Raleigh, the state capital of North Carolina and the county seat of Wake County, together with the cities of Durham, Chapel Hill, and the Town of Cary, comprise the Triangle area— a collection of four mid-sized cities and 29 smaller towns and several townships. Although the “Triangle” name is now used to refer to the geographic region in general, it originally referred to the three major universities in the region: the University of North Carolina at Chapel Hill, North Carolina State University in Raleigh, and Duke University in Durham. Dubbed the “Silicon Valley of the East” because of employment powerhouse Research Triangle Park (RTP), the area is preeminent in the fast-growing telecommunications, health care, biotechnology, pharmaceuticals, and financial services industries. Stabilized by the state capital and 12 universities throughout the region, the Triangle has become one of the Southeast’s leading business centers.
Raleigh and Durham are located approximately 20 miles apart, and each city borders the Research Triangle Park. The Raleigh-Durham Triangle metropolitan area is strategically located within the southeastern United States, with more than one-half of the nation’s population located within a 500-mile radius. Most major cities within North Carolina, including Charlotte, Winston-Salem, Greensboro, and Wilmington, are within a two-hour drive of the region. In addition, the Washington, D.C. metro area is located only 250 miles northeast of Raleigh-Durham, and Atlanta, Georgia, is approximately 400 miles southwest.
With a combined population of almost 2.2 million residents in 2017, the region has historically been one of the fastest growing population centers in the country. The population growth rate continues to surpass the national and state rates as more and more people are attracted to the area’s high-tech economy, relatively high-paying jobs, abundant education options, world-class healthcare centers, and low cost of living, Moreover, the region’s high quality of life, nationally renowned universities, mild weather and expansive transportation network adds to the area’s appeal.
Combined Statistical Area
The Combined Statistical Area (“CSA”) that makes up the Triangle region is composed of two Metropolitan Statistical Areas (“MSAs”) and four smaller “Micro Areas” as described below. The Raleigh MSA, encompassing Wake, Franklin, and Johnston counties, had an estimated population of 1,130,490 in 2010 compared to 797,071 in 2000, an impressive increase of 41.8%, making it the 4th fastest growing MSA and #1 when ranked among major metropolitan areas with populations exceeding one million. The Durham-Chapel Hill MSA includes the counties of Durham, Orange, Person, and Chatham and had an estimated population of 504,357 in 2010 compared to 426,493 in 2000, an increase of 18.3% during that period.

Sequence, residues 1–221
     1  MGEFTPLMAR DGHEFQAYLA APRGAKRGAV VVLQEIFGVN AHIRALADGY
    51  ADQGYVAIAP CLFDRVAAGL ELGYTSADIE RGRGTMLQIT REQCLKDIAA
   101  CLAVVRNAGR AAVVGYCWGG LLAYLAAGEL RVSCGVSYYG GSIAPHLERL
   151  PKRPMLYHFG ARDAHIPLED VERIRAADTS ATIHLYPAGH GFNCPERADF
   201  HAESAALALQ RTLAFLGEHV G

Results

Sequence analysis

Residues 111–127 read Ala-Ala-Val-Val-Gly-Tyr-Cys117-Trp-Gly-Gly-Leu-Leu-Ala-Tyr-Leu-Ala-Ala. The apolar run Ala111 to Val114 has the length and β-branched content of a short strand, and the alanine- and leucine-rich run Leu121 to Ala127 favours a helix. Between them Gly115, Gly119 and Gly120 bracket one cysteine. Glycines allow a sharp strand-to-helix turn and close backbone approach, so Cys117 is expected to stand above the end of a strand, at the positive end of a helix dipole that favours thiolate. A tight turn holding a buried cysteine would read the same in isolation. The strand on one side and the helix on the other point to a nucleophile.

The CSA, which includes the Raleigh and Durham-Chapel Hill MSAs plus the nearby towns of Dunn, Henderson, Oxford and Sanford, had a combined population of 1,912,729 in July 2010 compared to 1,455,081 in July 2000, an increase of 31.5%, a growth rate more than three times the national average and the 2nd fastest growing CSA during that period among major metropolitan areas. According to the U.S. Census Bureau, the Raleigh-Durham-Chapel Hill CSA had an estimated population of 2,199,459 as of July 2017, ranking second only to the Charlotte in terms of population concentration within North Carolina.
Population Growth History 1990-2012
Raleigh-Durham-Chapel Hill Combined Statistical Area
Source: U.S. Census Bureau. The Combined Statistical Area (CSA) includes the Raleigh MSA, the Durham-Chapel Hill MSA, and four Micropolitan Areas.
Population Growth History 2013-2017
Raleigh-Durham-Chapel Hill Combined Statistical Area
Source: U.S. Census Bureau. The Combined Statistical Area (CSA) includes the Raleigh MSA, the Durham-Chapel Hill MSA, and four Micropolitan Areas.
Driven by the young demographics of the area, with an average age of 31, household formation has surged past even the region’s phenomenal population expansion, with Durham’s households developing at 1.81 percent per year and Raleigh’s households expanding at a breathtaking 4.74 percent per annum since 2000. This incredible growth in households underpins the region’s voracious appetite for multifamily housing due to the young, transient workforce and student population. Household income levels in the Triangle are higher than that of the nation and the state due to the knowledge-based, high skill employment at RTP and the major universities.
Favorable Business Climate
North Carolina’s favorable business climate has been recognized by Forbes and others as one of the best states in the nation for businesses due to its low labor costs, low cost of living, and a highly educated workforce. The Raleigh-Durham area is consistently rated as one of the best areas for entrepreneurs, according to Forbes. The business magazine calls the Research Triangle Park one of the “biggest success stories for public-private partnerships,” with more than 170 global companies that benefit from the universities both here in the immediate area and around the state. In fact, Forbes has named Raleigh the #1 “Best Place for Business and Careers” in at least four 0f the past ten years. Durham has been ranked consistently high on this list as well.